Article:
10 January 2002
HEAT DISTRIBUTION SYSTEMS IN CONCRETE TRENCHES
4-1. GENERAL. The concrete shallow trench (CST) is a system, which allows insulated carrier pipes to
be routed underground but yet not have the piping in contact with the soil. The system also provides
comparatively easy access for maintenance and repair by means of removable concrete tops. These
exposed tops can be used as sidewalks since the system is installed at grade.
4-2. SYSTEM DESIGN. The designer is responsible for conducting a site investigation, designing the
distribution system plan and profiles, and designing the valve manholes, as described in chapter 3 of this
manual. In addition, the designer will use details and descriptions presented here to design a concrete
shallow trench system at a particular site.
a. Trench Systems - General.
(1) Piping and fittings. All carrier piping and pipe fittings will be carbon steel and will be designed
to satisfy the temperature and pressure requirements of the system. Materials will conform
requirements in the guide specification.
(2) Pipe supports. Pipe supports will typically consist of three types: free, guided, and anchor.
These supports are detailed in figure 4-1, figure 4-2, and figure 4-3. All of these pipe supports will be
mounted on channel supports mounted to the trench walls as detailed in figure 4-4. Supports may be
mounted by other means, such as on concrete pedestals, provided that paths for water flow are
maintained. Table 4-1 provides guidance for the sizing of the channel supports. Note that the channels
for anchor supports in the table are designed for more substantial loads than required for free and guided
supports. The anchor support channel in this table is adequate for approximately 1,000 pounds force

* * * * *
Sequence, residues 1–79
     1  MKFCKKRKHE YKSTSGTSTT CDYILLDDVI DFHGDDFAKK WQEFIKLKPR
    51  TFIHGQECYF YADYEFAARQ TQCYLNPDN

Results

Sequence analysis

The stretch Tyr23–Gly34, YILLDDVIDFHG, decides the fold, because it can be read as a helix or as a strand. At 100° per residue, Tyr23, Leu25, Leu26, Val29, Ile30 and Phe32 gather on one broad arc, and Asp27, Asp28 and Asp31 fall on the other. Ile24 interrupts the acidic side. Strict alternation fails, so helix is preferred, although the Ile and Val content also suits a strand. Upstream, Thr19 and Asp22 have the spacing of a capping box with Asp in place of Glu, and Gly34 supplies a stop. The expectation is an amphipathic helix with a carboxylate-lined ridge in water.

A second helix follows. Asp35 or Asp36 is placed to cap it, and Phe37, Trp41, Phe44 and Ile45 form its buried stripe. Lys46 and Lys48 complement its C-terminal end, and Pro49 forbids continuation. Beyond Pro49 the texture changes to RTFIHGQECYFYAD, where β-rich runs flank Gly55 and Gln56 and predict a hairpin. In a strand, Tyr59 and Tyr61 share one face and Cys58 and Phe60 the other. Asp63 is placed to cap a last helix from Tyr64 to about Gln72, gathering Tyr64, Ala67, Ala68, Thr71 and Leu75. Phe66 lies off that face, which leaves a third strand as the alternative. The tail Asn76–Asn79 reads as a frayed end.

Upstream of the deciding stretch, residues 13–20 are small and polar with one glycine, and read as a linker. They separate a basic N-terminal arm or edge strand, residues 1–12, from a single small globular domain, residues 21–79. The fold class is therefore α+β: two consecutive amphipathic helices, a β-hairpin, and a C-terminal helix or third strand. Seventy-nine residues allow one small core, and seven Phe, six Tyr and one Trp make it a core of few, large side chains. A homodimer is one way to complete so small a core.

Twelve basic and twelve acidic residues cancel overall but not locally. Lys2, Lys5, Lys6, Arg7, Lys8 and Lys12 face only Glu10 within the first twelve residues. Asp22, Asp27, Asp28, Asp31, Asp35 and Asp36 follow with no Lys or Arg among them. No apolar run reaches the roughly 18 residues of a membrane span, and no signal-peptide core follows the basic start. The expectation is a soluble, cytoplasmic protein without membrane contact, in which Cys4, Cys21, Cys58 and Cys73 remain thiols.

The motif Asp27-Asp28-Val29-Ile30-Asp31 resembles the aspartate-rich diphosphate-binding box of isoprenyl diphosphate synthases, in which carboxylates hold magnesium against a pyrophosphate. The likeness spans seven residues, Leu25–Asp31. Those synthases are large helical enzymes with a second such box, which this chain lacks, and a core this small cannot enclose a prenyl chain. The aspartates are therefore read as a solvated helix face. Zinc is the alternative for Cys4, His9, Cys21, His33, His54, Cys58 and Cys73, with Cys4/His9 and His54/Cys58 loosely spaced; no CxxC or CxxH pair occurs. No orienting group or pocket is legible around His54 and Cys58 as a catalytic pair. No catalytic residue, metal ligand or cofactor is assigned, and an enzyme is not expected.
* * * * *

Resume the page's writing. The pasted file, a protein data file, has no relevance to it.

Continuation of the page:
axially. The designer will determine axial force requirements at all anchor points and design the channels
to accommodate these forces.
\ Maximum distance between support channels shall be as listed in
table 4-2. /1/ These spacings are applicable to long, straight runs of piping only and must be reduced at
elbows, vertical risers, valving, and equipment. The actual spacings, in these instances, will be
determined by analyzing the pipe stresses with the pipe stress analysis, as described in chapter 3 of this
manual. The designer should note that there are other types of supports (such as roller type) that may
also be used. However, all supports must be capable of withstanding the thermal stresses and forces
exerted on them.
(3) Clearances. Clearances in the trench will be adequate to provide room for expansion,
movement, and a sufficient amount of access for cleaning and maintenance. There must also be
minimum of 4 inches clearance under the support channels to ensure ground water drainage along
trench floor. Figure 4-5 provides a trench cross-section, which corresponds to the table 4-3 trench
dimension schedule, which must be filled in by the designer.
(4) Insulation and jacketing. Insulation will be selected in accordance with insulation thickness
tables in the guide specification. These insulation thicknesses were developed using a life cycle cost
analysis. All insulations used have passed the Federal Agency Committee's boiling test
and are listed
in the guide specifications. All insulation in the trench will be covered with jacketing material in
conformance to the guide specification.
b. Trench System - Structural. The concrete trench will be field constructed of reinforced concrete
conforming to the current criteria. Trench walls and floors will be poured in place-they will not be precast.
Trench tops will be poured in place or precast. Walls, floors, and tops will be constructed with 4,000 psi
minimum compressive strength concrete. Reinforcing bars will conform to ASTM A 615, grade 60. Wall,